Countrygirl

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http://www.dailymail.co.uk/health/article-5070425/Chronic-fatigue-syndrome-not-mind.html

The Daily Mail reports on the study and prints a ridiculous photo of a yawing typist, illustrating once again that they just 'don't get it', but at least the article is one step forward.




Chronic fatigue syndrome is NOT all in the mind- but caused by changes in brain chemistry, a study finds
  • Chronic fatigue syndrome and Gulf War Illness are caused by changes in brain chemistry and are not psychological disorders
  • Both disorders cause pain, physical and mental fatigue, cognitive dysfunction and flu-like symptoms
  • Controversy has raged for nearly 30 years on whether the disorders were genuine illnesses
  • Now researchers from Georgetown University have found changing levels in molecules in sufferers' brains
By KAYLA BRANTLEY FOR DAILYMAIL.COM

PUBLISHED: 16:21, 10 November 2017 | UPDATED: 16:21, 10 November 2017



Chronic fatigue syndrome is not a psychological disorder as previously thought, researchers claim after finding evidence that the condition is caused by changes in brain chemistry.

Controversy has raged for nearly 30 years on whether the debilitating condition that causes pain, physical and mental fatigue and cognitive dysfunction was a genuine illness as critics speculated that it was all in the mind.

Now researchers have found changing levels in a brain molecule called miRNA in patients, which is responsible for turning protein production on and off, subsequently causing the tiring symptoms.

The findings lay the groundwork to better treat and understand the disorder that affects nearly three million Americans.



+1
Chronic fatigue syndrome and Gulf War Illness are caused by changes in brain chemistry and are not psychological disorders as it was previously thought, a study from Georgetown University found



Read more: http://www.dailymail.co.uk/health/a...-fatigue-syndrome-not-mind.html#ixzz4y3JYh6Sb
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lilpink

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I doubt that will happen, as he is an Establishment figure. They are well protected as we know.
The Teflon coating of many a big cheese (to mix metaphors) can wear thin. In every walk of life those who think they can behave however they like and get away with it are finding that there is a day of reckoning after all.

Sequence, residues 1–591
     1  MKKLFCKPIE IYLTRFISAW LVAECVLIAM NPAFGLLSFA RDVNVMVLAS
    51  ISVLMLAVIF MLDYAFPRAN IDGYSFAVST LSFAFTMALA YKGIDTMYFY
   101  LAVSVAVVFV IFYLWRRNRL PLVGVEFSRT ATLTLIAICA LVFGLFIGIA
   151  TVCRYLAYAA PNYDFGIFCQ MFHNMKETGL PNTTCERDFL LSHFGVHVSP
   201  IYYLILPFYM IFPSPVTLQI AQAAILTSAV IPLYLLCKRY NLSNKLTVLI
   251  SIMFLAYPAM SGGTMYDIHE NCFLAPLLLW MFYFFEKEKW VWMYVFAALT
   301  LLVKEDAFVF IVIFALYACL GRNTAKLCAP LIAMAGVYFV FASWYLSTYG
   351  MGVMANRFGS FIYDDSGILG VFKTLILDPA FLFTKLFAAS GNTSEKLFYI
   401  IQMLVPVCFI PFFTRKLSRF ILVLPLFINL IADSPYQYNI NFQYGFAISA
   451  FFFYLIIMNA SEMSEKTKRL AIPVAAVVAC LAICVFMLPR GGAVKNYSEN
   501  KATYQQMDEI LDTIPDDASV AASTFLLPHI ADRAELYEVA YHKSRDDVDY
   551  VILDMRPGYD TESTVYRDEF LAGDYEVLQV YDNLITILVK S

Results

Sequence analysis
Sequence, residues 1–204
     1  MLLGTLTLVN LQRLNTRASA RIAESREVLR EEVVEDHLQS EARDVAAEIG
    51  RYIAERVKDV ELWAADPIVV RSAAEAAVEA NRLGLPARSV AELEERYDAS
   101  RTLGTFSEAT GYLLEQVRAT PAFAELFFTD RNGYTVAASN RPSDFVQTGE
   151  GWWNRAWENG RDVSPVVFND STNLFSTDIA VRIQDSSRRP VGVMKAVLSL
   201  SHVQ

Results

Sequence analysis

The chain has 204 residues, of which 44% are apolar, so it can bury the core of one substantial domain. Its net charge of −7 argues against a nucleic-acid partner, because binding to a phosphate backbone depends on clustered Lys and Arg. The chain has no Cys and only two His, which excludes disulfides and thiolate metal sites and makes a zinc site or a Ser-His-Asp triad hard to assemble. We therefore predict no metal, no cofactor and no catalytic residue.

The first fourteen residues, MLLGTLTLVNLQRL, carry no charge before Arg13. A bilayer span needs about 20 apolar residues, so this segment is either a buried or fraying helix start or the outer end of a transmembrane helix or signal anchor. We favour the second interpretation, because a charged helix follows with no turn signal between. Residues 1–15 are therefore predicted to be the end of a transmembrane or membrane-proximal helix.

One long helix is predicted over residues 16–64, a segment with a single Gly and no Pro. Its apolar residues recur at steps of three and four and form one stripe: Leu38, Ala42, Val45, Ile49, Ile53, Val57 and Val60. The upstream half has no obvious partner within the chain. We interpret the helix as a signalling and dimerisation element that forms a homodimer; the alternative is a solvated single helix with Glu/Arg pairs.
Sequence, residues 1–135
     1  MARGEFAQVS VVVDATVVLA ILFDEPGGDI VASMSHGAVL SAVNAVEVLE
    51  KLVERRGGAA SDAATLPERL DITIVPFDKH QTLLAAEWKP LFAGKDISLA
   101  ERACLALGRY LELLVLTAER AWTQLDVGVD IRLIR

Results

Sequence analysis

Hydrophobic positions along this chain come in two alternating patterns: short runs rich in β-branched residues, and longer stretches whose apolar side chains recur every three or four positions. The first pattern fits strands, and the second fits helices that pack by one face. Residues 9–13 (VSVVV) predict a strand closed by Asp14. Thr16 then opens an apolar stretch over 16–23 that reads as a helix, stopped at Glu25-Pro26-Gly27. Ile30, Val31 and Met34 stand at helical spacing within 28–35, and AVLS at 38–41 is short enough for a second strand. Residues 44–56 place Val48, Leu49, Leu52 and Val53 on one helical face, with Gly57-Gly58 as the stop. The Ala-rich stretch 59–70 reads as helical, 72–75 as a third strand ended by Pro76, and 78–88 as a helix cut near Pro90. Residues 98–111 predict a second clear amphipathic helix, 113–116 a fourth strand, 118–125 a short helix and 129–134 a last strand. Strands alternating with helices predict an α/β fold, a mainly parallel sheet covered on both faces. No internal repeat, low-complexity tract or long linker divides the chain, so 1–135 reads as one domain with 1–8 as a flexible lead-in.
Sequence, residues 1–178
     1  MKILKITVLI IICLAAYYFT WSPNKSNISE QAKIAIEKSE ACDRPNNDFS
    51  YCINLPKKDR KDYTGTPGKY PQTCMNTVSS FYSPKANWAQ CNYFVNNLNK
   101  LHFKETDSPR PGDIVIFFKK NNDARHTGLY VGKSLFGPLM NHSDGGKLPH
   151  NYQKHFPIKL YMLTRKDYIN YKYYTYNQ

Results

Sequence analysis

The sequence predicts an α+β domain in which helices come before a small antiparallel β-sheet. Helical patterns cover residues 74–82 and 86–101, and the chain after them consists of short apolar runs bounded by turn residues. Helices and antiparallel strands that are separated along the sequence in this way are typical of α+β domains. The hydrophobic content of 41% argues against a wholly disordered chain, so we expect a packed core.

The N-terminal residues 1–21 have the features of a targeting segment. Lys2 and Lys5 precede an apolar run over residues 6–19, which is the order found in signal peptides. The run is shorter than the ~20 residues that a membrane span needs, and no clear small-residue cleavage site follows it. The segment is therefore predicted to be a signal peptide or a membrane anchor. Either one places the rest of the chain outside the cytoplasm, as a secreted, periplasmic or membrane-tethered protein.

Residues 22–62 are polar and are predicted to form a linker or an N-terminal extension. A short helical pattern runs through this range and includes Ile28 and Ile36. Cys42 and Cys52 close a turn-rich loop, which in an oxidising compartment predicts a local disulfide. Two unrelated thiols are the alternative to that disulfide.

Countrygirl

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The Teflon coating of many a big cheese (to mix metaphors) can wear thin. In every walk of life those who think they can behave however they like and get away with it are finding that there is a day of reckoning after all.
..........................Usually after they are safely six feet under...............:(
 
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"CFS was distinguished from the other groups by having significant reductions of miR-126-5p, miR-186-3p, miR-19b-3p, miR-92a-3p and miR-505-3p compared to the nonexercise cfs0 group (Fig. 10). Specificities and sensitivities were about 0.82 for miR-328, miR-608 and miR-92a-3p. The large number of exercise – induced reductions in miRNAs differentiated CFS from SC and the GWI phenotypes"


"CFS had 12 diminished and zero elevated miRNAs after exercise indicating its pathophysiology and responses to exercise were unique compared to GWI and control subjects."

Idk what it means but it looks like they found a real result..
 
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Mary

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Thanks for posting @Countrygirl! I skimmed the paper very quickly, I'm not a scientist at all, but this seems huge to me, finding distinct signatures for CFS and 2 variations of GWI in cerebrospinal fluid, post-exertion. When rested, these abnormalities were not present. This seems potentially a game-changer to me, or maybe I'm overly optimistic?
 

duncan

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Sometimes in people with channelopathies, neurologists will evoke a response through exercise or eating something. This evocation defines or helps parse down on the diagnosis.

What Baraniuk and his team may have done is found a way of demonstrating CFS through another exercise mechanism, or he may have found a way of demonstrating two types of PEM.